AMONG the piles of paper and files that put together the jigsaw of his fragmented life, two documents stand out.
One that reads: “an order may be made for the adoption of the above named male infant son’’ - amended with an arrow and the prefix ‘un’ before named.
A prefix that removed any personal aspect of his life. Two letters that took away all that he was and who he was in the world.
He became a boy child with no name, about to change “ownership’’ in the County Court.
The second is a piece of paper that tells of his mother’s ‘distant’ nature at the time of his birth.
“She knew what was going to happen,’’ he said.
“It’s all cold, medical stuff from when you were born, baby unknown’s weight, baby unknown…. baby unknown.’’
That baby was born in Melbourne on July 16, 1957, as Bobby Maguire.
He was a much-loved son, born into a big family with three older sisters and three older brothers.
By the age of six weeks, he no longer had a name. He then became known by a different name, before again being called Bobby Maguire. That went on for 14 months until his new name became permanent. He was no longer little Bobby.
Bobby Maguire’s original birth certificate was stamped ‘cancelled’ and he was issued with a sixth schedule certificate, giving him a new name and new identity.
But it was an identity to which he could never relate.
An identity that was fought for the first 14 months of his life by Bobby’s parents, who did not want to give up their son.
Bobby’s father was wounded during WWII and contracted scrub typhus.
“It got to a stage where he could not work any further, so he applied for the TPI pension and with that he had to look for a new home because they couldn’t afford to keep the family home,’’ Bobby said.
The family was offered a war service home on the condition that any further children be removed for adoption.
“He had served his country and then had to relinquish his children,’’ Bobby said.
Bobby and a brother born three years earlier became the “property’’ of the Mission of St James and St John after their birth.
That brother was returned to the family several years after his adoption, because his adopted family no longer wanted him. At that stage, his parents had housing and his brother was able to return, but Bobby was living with his adopted family and being raised in a world where he never felt he belonged.
His adopted father was a minister and on the board of the Mission of St James and St John and moved a lot because of his role as a clergyman.
One of Bobby’s first memories was being thrown down a flight of stairs, leaving him with a lifetime fear of heights.
“The adopting mother … was not very good at doing that mother thing, the hugging, things you would expect from a parent, none of that,’’ Bobby said.
“Dad was a vicar, but a vicar that had a hard heart, he was very harsh, very strict.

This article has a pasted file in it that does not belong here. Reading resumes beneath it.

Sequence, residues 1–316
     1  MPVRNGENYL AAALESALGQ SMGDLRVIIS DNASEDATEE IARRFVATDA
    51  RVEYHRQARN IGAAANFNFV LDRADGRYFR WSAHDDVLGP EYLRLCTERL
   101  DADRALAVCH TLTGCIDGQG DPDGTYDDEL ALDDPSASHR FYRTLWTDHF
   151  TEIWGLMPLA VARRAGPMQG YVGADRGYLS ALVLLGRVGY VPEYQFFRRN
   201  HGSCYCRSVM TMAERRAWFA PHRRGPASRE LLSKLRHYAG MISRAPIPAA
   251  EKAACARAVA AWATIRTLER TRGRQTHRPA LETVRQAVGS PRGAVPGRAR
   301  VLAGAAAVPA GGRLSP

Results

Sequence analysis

“You did anything wrong, you were belted – I remember being choked, being thrown through a Sunday school window as punishment in a fit of rage, I remember him grabbing me and I think that was when I first realised I was different.
“I started formalising in my mind I wasn’t part of the family.
“There was a woman there, who said ‘well that’s the way that little bastard should have been treated, you did the right thing vicar’.’’
Bobby was at the age where he had a concept of what that word meant.
He knew he didn’t fit in: he didn’t look like his family, his mindset and way of thinking were different.
“My memories of my childhood are of loss, always a sense of loss, always a sense of isolation, always a sense of ….going to family events but I don’t feel like I belong there and nobody’s told me I was adopted,’’ Bobby said.
“I don’t look like them, don’t do the social thing with them because my mindset, my way of thinking, my way of doing is different to theirs.
“The whispering words in the background, people saying ‘him, him, him’ and you’re not knowing why they’re saying that.
“You’re left out of every internal, very close family things and that extended right through teenage years – I found it quite distressing.’’
But on that day when he was thrown through the window, Bobby knew. He was about 14 or 15 years old, and old enough to know something didn’t feel right.
“By then you know enough about what’s going on, and something clicks – ‘hang on, I’m not one of those people’ and you start asking questions - of course, I never got any answers.’’
The answers would come many years later. But Bobby has never been told by his adopted parents that was the case.
“It was not the ‘done thing’ to tell me, because it happened so often,’’ he said.
“It’s like you were a piece of property, you weren’t a human being.
“It was another family member that ended up admitting the truth to me,’’ he said.
And that was long after Bobby started searching for answers; long after he started asking questions as a young teenager.